10. Highest score Index

This is the lowest rated parameter and is given to the innings if the same is the highest for the team.

Both score even number of points in this category, as Lara's 375 was HS for the team and Tendulkar's 136 was HS for the team as well. Even stevens.

Tendulkar 8, Lara 3.

11. Match Status Index

This is a complex index, which reflects the status of the match. The highest value is given to a successful and close fourth innings chase (Lara's 153*).

Tendulkar should get a higher rating here, as the match status was more dire compared to when Lara came out. Tendulkar's was a 4th innings chase, whereas Lara's was a 1st innings tally. Wisden mentions that the highest points are given to a successful 4th innings chase. Logic dictates that it means a good score in the 4th innings in a failed chase should mean AT LEAST as many points as a big bang in the 1st innings when the match-state isn't as developed. However, this is complex as Wisden says. I am tempted to give this one to Tendulkar, but let's be generous here and call it a tie.

Tendulkar 9, Lara 4.

12. Result contribution Index

This index is based on the sum of the 11 index values and reflects the value of the players contribution, through the considered innings, to the match result. The match should be a win (x points) or a draw (0.3x points) for this index value to be allocated. Additional weightage is given for away wins.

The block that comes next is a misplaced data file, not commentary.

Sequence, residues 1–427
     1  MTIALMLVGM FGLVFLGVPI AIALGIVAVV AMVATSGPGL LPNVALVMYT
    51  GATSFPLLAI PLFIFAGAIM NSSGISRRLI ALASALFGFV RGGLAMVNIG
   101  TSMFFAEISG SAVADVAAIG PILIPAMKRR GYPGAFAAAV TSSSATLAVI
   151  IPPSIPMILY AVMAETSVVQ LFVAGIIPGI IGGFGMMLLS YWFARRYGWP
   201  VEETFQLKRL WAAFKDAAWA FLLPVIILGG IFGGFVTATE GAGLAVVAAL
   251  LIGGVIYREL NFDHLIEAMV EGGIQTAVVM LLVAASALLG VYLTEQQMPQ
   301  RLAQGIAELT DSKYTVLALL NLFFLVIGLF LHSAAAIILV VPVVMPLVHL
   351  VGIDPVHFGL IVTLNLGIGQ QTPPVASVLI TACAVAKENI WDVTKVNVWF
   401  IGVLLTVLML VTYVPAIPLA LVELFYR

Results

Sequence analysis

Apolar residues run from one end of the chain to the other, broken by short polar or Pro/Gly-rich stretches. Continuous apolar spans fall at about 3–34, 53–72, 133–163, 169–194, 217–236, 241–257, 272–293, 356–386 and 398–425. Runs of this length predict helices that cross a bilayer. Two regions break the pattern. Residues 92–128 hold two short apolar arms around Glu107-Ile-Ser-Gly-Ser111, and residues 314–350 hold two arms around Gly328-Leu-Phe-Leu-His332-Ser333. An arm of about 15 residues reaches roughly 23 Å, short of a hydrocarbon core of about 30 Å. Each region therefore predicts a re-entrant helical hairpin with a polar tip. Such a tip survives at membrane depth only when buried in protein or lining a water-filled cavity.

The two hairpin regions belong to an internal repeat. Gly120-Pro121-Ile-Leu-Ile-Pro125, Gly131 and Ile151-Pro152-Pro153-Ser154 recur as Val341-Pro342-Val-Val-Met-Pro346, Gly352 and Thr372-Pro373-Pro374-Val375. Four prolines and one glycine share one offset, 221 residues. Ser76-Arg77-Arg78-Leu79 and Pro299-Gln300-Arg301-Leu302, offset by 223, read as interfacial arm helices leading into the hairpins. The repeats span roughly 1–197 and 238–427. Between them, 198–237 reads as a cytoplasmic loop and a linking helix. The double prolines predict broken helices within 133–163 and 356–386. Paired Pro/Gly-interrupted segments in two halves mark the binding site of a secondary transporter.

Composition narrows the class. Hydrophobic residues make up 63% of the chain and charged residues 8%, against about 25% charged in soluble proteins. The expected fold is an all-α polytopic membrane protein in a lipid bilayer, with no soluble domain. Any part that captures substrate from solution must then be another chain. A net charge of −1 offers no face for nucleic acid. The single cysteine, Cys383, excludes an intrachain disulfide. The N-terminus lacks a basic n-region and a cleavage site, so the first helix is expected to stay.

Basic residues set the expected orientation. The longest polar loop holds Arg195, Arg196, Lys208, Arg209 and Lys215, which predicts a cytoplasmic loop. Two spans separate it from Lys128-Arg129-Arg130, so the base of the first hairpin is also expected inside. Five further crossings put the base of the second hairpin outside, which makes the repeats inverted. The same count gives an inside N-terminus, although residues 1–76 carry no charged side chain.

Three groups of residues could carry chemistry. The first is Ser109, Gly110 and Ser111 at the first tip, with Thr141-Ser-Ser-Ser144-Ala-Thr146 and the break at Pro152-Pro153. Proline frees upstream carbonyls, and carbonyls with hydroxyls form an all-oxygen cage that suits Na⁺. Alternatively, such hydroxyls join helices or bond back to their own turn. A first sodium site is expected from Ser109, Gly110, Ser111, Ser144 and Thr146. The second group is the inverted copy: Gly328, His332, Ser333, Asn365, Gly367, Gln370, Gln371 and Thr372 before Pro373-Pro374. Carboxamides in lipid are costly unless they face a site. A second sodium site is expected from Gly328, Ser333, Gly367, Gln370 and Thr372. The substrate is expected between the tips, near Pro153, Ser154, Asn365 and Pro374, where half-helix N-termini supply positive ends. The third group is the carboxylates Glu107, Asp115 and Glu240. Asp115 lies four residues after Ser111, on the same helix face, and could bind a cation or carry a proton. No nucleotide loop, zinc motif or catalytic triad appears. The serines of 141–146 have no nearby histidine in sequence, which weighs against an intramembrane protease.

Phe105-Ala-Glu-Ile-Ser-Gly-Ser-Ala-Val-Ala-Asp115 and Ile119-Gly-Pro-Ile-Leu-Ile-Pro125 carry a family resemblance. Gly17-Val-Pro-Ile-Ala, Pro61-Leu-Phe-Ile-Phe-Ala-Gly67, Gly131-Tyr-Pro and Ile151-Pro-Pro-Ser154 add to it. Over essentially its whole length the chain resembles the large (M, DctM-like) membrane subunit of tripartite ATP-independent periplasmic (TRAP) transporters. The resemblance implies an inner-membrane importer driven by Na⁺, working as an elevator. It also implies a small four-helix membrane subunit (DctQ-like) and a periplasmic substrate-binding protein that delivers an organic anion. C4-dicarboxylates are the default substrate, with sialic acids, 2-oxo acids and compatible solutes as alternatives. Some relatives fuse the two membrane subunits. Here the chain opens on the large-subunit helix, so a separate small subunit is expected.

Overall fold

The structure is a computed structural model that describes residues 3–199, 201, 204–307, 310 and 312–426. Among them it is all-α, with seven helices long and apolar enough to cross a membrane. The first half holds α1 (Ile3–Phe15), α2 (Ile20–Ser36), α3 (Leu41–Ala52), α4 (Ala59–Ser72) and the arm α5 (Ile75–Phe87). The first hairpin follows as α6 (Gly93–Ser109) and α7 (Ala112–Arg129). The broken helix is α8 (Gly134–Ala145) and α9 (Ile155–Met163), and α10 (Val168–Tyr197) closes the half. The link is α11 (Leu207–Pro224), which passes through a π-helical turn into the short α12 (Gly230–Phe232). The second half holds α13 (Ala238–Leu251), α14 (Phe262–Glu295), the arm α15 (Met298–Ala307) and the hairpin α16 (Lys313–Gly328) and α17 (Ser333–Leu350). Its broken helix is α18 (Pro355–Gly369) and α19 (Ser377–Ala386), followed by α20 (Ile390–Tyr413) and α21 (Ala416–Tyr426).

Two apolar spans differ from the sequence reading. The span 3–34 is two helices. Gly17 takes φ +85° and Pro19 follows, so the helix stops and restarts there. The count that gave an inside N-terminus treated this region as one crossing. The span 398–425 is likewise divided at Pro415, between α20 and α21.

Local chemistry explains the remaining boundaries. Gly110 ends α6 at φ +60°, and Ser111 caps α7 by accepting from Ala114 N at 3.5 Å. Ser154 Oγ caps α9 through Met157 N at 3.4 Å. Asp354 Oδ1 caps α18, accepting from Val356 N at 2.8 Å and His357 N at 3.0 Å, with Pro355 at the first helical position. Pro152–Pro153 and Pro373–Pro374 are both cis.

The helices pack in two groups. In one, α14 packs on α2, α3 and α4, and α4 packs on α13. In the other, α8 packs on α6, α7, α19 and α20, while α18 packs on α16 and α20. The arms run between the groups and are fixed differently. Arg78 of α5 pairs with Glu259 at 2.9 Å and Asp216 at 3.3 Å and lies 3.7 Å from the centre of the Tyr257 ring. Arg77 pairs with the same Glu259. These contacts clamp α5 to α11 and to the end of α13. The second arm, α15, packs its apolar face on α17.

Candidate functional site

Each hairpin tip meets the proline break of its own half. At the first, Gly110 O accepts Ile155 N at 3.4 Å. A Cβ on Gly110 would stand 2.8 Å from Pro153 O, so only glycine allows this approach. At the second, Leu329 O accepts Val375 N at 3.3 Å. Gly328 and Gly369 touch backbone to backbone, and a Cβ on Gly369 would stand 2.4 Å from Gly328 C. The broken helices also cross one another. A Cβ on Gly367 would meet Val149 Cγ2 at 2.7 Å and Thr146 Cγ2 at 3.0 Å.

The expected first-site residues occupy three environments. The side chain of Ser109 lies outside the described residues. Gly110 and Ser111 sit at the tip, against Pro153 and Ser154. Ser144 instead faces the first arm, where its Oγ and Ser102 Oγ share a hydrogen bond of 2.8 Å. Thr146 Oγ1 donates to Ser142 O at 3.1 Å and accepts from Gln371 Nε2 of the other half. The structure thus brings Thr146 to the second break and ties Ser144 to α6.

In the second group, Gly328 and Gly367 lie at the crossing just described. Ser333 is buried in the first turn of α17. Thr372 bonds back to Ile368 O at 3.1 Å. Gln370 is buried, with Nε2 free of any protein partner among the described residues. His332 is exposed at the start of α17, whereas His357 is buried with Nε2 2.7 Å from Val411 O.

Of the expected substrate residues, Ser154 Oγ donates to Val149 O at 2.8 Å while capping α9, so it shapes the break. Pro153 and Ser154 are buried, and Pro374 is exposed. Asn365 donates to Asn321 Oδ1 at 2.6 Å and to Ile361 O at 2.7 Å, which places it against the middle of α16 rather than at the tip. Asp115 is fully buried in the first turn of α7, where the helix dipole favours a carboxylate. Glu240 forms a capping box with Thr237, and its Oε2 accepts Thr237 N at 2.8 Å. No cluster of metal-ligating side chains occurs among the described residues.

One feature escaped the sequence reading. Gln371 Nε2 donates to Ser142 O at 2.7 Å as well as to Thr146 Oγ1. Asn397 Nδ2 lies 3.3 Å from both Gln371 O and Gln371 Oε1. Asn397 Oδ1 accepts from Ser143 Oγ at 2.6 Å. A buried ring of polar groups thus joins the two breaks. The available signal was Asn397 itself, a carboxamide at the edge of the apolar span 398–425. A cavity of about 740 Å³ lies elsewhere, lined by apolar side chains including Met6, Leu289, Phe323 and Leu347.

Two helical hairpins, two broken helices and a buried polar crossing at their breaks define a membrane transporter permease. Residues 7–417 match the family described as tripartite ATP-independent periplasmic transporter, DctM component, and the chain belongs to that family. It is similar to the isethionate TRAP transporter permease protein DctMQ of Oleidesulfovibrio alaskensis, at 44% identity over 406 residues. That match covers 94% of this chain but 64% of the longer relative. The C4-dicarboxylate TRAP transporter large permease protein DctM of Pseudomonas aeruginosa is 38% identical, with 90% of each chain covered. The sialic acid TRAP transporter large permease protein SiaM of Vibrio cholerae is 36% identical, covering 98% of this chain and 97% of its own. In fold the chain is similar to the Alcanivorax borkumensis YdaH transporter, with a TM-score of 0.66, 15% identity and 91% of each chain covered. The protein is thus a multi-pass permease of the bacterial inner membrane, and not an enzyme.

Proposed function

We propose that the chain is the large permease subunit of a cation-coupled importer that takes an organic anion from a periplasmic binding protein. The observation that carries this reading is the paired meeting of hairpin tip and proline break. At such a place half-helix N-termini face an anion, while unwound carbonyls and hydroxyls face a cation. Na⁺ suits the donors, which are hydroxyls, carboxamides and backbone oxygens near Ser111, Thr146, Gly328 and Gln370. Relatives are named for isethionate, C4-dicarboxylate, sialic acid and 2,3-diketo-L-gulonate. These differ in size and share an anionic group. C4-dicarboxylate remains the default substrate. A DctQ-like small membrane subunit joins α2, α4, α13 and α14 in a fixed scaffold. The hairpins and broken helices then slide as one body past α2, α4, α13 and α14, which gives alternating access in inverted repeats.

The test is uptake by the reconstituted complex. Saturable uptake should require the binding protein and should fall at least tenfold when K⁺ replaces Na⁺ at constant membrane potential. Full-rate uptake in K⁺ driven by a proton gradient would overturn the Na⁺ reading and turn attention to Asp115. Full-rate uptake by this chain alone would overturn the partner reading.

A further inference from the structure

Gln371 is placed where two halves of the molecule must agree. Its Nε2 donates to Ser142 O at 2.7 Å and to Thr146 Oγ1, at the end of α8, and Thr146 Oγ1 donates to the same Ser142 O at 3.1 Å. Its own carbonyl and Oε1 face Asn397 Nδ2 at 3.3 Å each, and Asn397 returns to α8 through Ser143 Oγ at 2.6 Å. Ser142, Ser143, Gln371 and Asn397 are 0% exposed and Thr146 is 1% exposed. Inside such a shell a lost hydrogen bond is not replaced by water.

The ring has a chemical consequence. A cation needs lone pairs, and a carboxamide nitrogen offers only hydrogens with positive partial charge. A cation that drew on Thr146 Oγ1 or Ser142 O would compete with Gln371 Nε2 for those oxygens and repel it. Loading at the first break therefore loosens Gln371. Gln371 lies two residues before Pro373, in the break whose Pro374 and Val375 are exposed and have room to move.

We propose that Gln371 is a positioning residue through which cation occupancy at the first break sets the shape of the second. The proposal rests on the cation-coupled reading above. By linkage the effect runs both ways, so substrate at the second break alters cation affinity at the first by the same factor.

Lara fares better here, because his efforts were in a drawn match and Tendulkar's in a narrowly lost one. I disagree with this rating parameter: ONE player doesnt win or lose a match and how good YOU played should be independent of the result, that is dependent on TEN OTHER TEAM-MATES. However, I am playing by their rules and not mine, so I will consider it and count it in Lara's favour.

FINAL TALLY: Tendulkar 9, Lara 5.

Tendulkar outscores Lara in over twice as many categories, but apparently his innings must be at least 41.3 pts below Lara's rating (the difference between Lara's innings and #100 innings, and optimistically assuming that Wisden would rate Tendulkar's effort as 101).

Go figure!

There are several scores less than Tendulkar's that were mentioned in that list, so don't give me the "375 is a heck of a lot more than 136" stupidity.

This rating system can mean only one thing: A hugely disproportionate number of rating points are attached to 1, 4 and 6.

If that's the case, then Tendulkar's 241*, or his innings against AUS/RSA in the early 90s etc, should figure in the list as they boost Tendulkar's percentage of team runs scored. But do they feature? NO!

So I am forced to conclude that Wisden's top 100 innings is a bogus rating system -- no better than my, or your, subjective opinion.